While mergers and acquisitions have proliferated in the colocation industry – each positioned to increase geographic coverage or higher order capabilities – in the last 6 months, a new trend has emerged: strategic divestitures, most prominently observed in the telecommunications space. Following the complete cycle, in 2010 and 2011, Centurylink, Verizon and Windstream made strategic acquisitions to increase their data center services portfolios, acquiring Savvis, Terremark and Hosting Solutions respectively. 5 years later, each firm has announced its intent to sell of some or all of these assets. 

So, what went wrong?

While telcos had arguably given birth to colocation, the fact remains that network and carrier providers have had troubling competing against pure play colocation and data center service providers like Equinix and Digital Realty. In the past, telecom providers described colocation and data center services as a way to enrich existing customer contracts. In an interesting twist, these new intended divestitures have been presented as a way to refinance core assets, focus on what drives their business, and move away from standardized services with high overhead and lower margins.  While vendors may keep their skeletons in the closet, I had some speculation as to what might be fueling these decisions:

–          Buyers want carrier density and diversity.  Even though all of these facilities support multiple connections into other carriers, customers tend to evaluate facilities by connectivity options instead of looking for carriers to provide data center capacity on top of network services. Additionally, many geographically dispersed companies are considering blended IP solutions to improve latency and performance across the globe.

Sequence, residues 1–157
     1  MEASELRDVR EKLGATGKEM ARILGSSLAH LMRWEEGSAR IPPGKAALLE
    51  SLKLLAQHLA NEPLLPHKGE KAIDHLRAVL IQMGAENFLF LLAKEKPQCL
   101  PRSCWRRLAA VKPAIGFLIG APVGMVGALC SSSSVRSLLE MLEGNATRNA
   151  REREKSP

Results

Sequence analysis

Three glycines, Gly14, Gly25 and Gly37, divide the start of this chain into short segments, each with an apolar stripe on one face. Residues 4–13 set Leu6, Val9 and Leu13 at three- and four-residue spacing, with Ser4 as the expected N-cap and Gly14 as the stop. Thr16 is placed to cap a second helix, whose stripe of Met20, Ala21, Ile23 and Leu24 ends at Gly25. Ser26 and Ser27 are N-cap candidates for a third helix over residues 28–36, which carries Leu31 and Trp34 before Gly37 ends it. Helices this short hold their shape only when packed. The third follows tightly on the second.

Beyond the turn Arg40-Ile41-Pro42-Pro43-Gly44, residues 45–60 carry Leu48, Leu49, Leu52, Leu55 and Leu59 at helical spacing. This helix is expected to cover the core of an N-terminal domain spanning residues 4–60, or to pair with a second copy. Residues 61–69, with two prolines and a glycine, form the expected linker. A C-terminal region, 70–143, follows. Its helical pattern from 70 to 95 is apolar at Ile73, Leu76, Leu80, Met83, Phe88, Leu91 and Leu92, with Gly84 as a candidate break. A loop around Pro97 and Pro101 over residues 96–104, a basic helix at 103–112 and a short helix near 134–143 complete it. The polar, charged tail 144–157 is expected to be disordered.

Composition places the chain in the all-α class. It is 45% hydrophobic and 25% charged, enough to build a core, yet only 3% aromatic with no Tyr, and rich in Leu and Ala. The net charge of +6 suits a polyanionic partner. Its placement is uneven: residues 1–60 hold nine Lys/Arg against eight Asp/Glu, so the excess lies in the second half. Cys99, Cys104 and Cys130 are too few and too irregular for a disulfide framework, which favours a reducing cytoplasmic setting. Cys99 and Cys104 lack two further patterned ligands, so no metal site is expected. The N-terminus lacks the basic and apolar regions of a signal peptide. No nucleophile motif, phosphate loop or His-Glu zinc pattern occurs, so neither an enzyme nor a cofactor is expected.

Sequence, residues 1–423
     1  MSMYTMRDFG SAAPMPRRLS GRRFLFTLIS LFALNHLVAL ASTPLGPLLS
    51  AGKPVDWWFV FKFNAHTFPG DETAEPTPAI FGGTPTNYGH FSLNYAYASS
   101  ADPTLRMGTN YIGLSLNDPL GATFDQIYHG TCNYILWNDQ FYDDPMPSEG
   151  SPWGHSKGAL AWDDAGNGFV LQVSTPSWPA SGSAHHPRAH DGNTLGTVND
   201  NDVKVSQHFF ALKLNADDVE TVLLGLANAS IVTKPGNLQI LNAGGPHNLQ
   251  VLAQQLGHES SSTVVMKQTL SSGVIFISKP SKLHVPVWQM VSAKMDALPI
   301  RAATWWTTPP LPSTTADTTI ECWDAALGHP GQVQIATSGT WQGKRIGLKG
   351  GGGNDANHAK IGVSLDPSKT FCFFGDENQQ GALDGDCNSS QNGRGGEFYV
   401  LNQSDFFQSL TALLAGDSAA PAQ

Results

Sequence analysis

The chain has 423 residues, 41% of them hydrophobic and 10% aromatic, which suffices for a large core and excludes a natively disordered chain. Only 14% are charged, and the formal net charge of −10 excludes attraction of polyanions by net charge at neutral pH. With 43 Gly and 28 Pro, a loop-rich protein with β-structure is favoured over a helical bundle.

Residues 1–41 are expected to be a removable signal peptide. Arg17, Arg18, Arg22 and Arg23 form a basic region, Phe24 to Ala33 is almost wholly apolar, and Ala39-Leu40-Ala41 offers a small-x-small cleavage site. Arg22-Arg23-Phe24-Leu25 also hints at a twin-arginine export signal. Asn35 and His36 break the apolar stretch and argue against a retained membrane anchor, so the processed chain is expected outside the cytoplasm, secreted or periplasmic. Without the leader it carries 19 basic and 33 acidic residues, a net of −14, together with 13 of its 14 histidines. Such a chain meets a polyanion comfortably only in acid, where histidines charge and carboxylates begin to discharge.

–          It’s difficult to sell colocation as a differentiation when colocation is fairly standardized. Thanks to the standards created by the Uptime institute, ASHRAE and industry certifications like PCI, HIPPA and FISMA – colocation services are fairly consistent across providers, leaving vendors to differentiate on additional services and amenities.

–          Data center and carrier businesses do not behave the same. While together these services create the backbone for any technology service, they have distinct buying cycles and business models. Colocation purchase cycles tend to be longer due to the customization of each contract per customer requirement, not to mention tacking on additional services or multiple sites. From the customer’s perspective, these contacts tend to be negotiated separately, not to mention the fact that carrier services extend beyond the data center itself.

–          …nor do their finances. While carrier investments are targeted around reach and width and can be informed by prior customer usage trends and demand, data center assets involve large upfront, speculative investments within a market where purchasing and growth patterns are hard to predict. Additionally, colocation providers have the option to file as REITs – real estate investment trusts – which may lower taxes and provide more capital to push back into assets.

In a hybrid world, infrastructure sourcing will shift but the network will only grow

While capacity requirements are only increasing, companies continue to change their infrastructure distribution between owned, colocated, managed and cloud services – many possessing high aspiration for cloud applications and services. This trend complicates forecasts for traditional data center services, but the network will benefit most from this growth. This refinancing tango in the telco space suggests the carriers have acknowledged this trend and will attempt to stay ahead of the curve at the cost of other aspirations.

What does this mean for customers?

In a recent report, I discussed colocation provider reaction to the growth in hybrid cloud and infrastructure environments – many investing in platforms to connect tenants to partners or increasing the number of services offered to be able to supply a full portfolio of capabilities. While these recent announcements question the financial viability of the second approach – it does not speak to the customer’s perspective. As a result, I will be asking customers the following questions going forward:

–          Customers may want blended best of breed solutions, but are they ready to manage the complexity of multiple providers?

–          How can customers ensure consistent performance with increased heterogeneity in the supply chain? Who’s held accountable?

–          Does this put the power back in the hands of the service integrators to broker these contracts?

Please share your own thoughts with us!